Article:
Ben Rose, founder of the UK Notes User Group, was also quoted in the editorial. Ben has already questioned both the data and the "research" behind the article. Ed Brill has responded too. I can do no better than to point you to Ben and Ed. I think they both got it right.
But, of course, I have an opinion too.
When I first heard about the piece in The Guardian, I was prepared to hate it. I feared being quoted out of context and expected I'd have to write a scathing letter to the editor. In fact the editorial didn't twist my words. To be honest, my reaction is closer to a yawn.
This whole topic has been rehashed many times over. Some of it is really old news. For example:
When new mail arrives, you get a message saying "You have new mail". But the mailbox display doesn't update; you have to press a key or menu item to refresh it. So the program is smart enough to know email has arrived, but not to show it - something the clunkiest free email program does routinely.That problem was fixed years ago in Notes 6!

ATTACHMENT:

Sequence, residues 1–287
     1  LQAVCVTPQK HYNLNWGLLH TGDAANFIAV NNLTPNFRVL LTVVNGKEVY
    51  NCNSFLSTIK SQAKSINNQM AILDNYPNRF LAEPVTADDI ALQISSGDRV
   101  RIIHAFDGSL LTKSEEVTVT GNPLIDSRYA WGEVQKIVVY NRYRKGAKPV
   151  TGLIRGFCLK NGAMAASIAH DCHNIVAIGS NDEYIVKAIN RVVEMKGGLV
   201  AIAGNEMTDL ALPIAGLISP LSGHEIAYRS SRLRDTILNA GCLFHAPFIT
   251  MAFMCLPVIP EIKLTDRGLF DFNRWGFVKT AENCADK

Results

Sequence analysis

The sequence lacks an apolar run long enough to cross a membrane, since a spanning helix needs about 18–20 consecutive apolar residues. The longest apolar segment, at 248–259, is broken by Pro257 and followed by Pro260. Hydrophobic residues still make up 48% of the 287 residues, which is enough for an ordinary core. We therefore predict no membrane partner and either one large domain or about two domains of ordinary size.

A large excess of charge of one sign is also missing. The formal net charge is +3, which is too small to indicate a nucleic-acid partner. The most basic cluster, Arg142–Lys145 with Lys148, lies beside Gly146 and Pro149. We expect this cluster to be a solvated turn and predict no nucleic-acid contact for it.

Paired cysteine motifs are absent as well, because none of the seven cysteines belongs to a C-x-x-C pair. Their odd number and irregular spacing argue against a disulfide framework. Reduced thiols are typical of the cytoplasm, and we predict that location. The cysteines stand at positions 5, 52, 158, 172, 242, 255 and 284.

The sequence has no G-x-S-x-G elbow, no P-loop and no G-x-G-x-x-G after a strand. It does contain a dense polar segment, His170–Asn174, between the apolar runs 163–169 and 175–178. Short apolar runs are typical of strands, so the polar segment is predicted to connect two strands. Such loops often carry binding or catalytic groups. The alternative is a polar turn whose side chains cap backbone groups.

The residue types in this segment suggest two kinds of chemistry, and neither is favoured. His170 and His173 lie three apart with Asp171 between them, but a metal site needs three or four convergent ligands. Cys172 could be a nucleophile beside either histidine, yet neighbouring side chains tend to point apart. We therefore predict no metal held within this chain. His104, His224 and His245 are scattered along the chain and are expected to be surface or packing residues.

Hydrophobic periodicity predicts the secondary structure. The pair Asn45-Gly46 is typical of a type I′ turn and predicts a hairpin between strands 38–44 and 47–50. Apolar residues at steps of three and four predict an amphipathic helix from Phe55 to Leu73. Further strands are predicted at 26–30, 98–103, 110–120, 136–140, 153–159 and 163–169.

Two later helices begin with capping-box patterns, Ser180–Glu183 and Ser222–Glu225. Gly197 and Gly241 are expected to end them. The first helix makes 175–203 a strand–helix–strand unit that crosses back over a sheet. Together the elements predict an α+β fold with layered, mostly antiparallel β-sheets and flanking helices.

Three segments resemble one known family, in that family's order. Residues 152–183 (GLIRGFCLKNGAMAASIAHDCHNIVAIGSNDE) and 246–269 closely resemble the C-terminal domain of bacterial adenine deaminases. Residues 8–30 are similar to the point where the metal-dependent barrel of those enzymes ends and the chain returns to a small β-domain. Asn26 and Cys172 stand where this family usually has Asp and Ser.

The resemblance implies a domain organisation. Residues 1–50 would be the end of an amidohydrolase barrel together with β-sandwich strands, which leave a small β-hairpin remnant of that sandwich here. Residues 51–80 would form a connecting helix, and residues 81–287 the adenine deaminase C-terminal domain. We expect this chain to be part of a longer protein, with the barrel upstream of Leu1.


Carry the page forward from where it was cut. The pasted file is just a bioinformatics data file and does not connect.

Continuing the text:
The rest of The Guardian piece is mere speculation about who hates Notes, why they hate it, and what percentage of users hate it. There is no actual research to back up the claims and many of the facts are plain wrong. Round over. The Guardian didn't lay a glove on Notes.